But the flat affect of line readings from Kim Gordon and D’Arcy Wretzky suit “Homerpalooza,” with its gags about despondent youth (“REGISTER NOT TO VOTE”) and overplayed irony (“Oh here comes that cannonball guy, he’s cool.” “Are you being sarcastic, dude?” “I don’t even know anymore”). That’s an attitude that’s difficult to satirize without giving into its lackadaisical energy, to which Homer is the perfect counterweight. Even if he wasn’t a middle-aged father of three, he’d be an odd fit for this crowd: He cares too deeply about appearing cool, and he’s too enthusiastic about expressing how cool he is once he achieves that status. More than anything else, Homer seeks validation in “Homerpalooza.” He wants Bart and Lisa’s admiration. He wants the Hullabalooza crowd to know he’s a “successful freak,” too. And he wants to know that this is a way in which he can keep on living, even as he finds himself relocated from the “New Releases” section to the oldies bin. But this desire could literally kill him. Marge’s slow-dawning realization at Homer’s big homecoming show—“Cannons are designed to hurt! They’re designed to hurt!”—cuts through her husband’s phony-baloney rocker pretensions. Being beloved by thousands has not granted Homer immortality; this little nostalgia trip is endangering his life, the real life Homer has established at 742 Evergreen Terrace.


The Simpsons jabbed at alt-rock’s inability to deny the allure of fur coats, orchestral accompaniment, and other symbols of rock ’n’ roll excess, but the show couldn’t predict what would happen to its guests when other people changed what “it” was, thus making them no longer “it.” Corgan opened a tea shop in the Chicago suburbs, where he later staged an eight-hour musical tribute to Herman Hesse’s Siddhartha. Sonic Youth soldiered on for another decade-and-a-half—as did Gordon’s marriage to Thurston Moore, until a midlife crisis on Moore’s part put an end to the band and the union. Cypress Hill has spent the last few years collaborating with EDM artists and advocating for the decriminalization of marijuana—so I suppose B-Real and company have done a pretty good job of staying true to the versions of themselves portrayed in “Homerpalooza.” (Theoretical first meeting between Cypress Hill and Rusko: “Do you know ‘Insane In The Brain’?” “I… mostly know dubstep. But I could give it a shot.”) Not even The Simpsons could keep it together across all these years.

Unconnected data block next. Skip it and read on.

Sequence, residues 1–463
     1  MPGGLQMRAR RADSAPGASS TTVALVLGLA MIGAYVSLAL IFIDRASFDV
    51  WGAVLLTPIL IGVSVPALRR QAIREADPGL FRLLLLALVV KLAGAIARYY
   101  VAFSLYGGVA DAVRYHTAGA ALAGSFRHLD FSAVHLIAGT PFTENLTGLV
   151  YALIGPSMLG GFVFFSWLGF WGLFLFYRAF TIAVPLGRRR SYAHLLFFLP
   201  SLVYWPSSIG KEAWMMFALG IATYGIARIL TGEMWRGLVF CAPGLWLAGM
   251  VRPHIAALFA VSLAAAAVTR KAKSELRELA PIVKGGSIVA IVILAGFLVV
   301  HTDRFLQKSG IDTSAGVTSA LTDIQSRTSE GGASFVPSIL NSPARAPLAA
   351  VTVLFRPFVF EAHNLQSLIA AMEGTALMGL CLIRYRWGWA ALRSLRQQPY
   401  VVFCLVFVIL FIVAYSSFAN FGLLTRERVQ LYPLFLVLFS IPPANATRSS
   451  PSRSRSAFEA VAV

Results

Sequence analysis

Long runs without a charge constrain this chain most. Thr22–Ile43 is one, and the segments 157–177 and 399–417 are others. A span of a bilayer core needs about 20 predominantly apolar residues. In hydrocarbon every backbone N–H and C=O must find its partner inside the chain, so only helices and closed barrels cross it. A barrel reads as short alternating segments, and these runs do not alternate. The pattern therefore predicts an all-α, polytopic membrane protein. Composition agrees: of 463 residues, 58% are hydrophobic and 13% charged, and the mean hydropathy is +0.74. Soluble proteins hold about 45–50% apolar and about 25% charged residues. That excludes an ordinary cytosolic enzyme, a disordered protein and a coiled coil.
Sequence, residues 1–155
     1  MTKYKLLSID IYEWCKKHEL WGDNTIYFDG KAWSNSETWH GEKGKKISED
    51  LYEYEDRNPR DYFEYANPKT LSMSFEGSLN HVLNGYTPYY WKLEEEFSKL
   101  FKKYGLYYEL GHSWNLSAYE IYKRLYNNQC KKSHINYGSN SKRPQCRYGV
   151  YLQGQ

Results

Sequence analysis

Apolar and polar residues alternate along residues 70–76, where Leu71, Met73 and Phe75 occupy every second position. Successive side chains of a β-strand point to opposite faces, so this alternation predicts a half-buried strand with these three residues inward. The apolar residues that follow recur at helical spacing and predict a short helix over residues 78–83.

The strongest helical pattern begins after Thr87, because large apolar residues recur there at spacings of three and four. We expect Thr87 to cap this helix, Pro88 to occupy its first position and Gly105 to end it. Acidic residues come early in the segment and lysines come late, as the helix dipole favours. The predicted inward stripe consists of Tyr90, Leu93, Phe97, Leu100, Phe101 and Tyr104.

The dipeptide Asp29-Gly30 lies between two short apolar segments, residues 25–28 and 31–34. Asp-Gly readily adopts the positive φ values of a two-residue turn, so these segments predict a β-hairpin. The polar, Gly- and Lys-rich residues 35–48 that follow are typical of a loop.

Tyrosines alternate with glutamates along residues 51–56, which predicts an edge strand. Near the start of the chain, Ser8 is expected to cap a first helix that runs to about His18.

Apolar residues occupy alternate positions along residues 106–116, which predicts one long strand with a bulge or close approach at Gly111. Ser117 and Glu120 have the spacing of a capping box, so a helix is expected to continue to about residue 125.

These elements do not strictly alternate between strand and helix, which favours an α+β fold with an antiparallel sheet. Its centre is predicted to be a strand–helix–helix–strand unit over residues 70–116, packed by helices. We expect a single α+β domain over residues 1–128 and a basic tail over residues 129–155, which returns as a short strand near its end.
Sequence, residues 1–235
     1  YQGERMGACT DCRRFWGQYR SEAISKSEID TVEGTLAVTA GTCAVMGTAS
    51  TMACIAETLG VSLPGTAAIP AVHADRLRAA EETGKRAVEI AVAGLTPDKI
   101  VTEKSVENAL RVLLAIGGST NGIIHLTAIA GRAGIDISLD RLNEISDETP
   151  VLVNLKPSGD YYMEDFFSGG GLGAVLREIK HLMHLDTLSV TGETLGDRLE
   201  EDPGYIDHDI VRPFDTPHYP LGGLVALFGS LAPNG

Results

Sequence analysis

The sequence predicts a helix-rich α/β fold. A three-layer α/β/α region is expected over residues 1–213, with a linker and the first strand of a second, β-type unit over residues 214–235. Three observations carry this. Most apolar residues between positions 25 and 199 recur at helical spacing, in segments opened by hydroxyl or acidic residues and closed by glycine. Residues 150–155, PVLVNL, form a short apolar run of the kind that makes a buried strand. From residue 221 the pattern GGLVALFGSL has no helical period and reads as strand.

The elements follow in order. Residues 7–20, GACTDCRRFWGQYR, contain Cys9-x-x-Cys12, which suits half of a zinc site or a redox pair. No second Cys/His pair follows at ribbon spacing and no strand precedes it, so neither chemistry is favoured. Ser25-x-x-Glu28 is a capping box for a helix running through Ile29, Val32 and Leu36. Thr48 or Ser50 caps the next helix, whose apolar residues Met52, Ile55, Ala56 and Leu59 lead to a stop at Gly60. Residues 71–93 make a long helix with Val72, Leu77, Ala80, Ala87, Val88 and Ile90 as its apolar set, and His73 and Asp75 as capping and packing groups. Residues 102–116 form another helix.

But what “Homerpalooza” does well is not the suggestion that this specific period in time will be looked upon and laughed at. What “Homerpalooza” does well is the truism that every era of pop culture will appear ludicrous to future generations—just as they’ll appear ludicrous to those who come after them. Heed Abe Simpson’s words, youths of 2014, and enjoy having a finger on the pulse before trying to do so winds up getting you killed.

Stray observations:

  • This week in EXTREME! Simpsons signage:


  • Three years later, Austin Powers: The Spy Who Shagged Me would prove that the Alan Parsons Project was in fact a “laser,” and not a hovercraft.
  • There are plenty of great dinosaur-rock in-jokes baked into “Homerpalooza,” none so wonderfully specific as “Oldies? But you’ve got all the top bands in here! Styx? I just heard them on the King Biscuit Flower Hour!”
  • Steve Wozniak got the last laugh on this one: “The what festival?” “The US Festival! Eesh! It was sponsored by that guy from Apple Computers!” “What computers?”
  • D’Arcy on her extracurricular activities: “Hey, I wasn’t a weirdo! I was in the audio-visual club.” Hey, I’m in the audio-visual club, too!
  • Sound medical advice from the doctor who’s hanging on to Jimi Hendrix’s puppy: “From now on, no cannonballs, no spicy foods, and when you lie in a hammock, please: rest your beer on your head or your genitals.”
  • Next week: Sweet merciful crap! We’re at the end of season seven, and Dennis Perkins wraps things up with “Summer Of 4 Ft. 2.”
  • And then: Classic Simpsons reviews take the rest of the summer off. But don’t fret: Caroline Framke’s episode-by-episode take on Clone High’s brilliantly daffy, single-season run will be here to take The Simpsons’ place.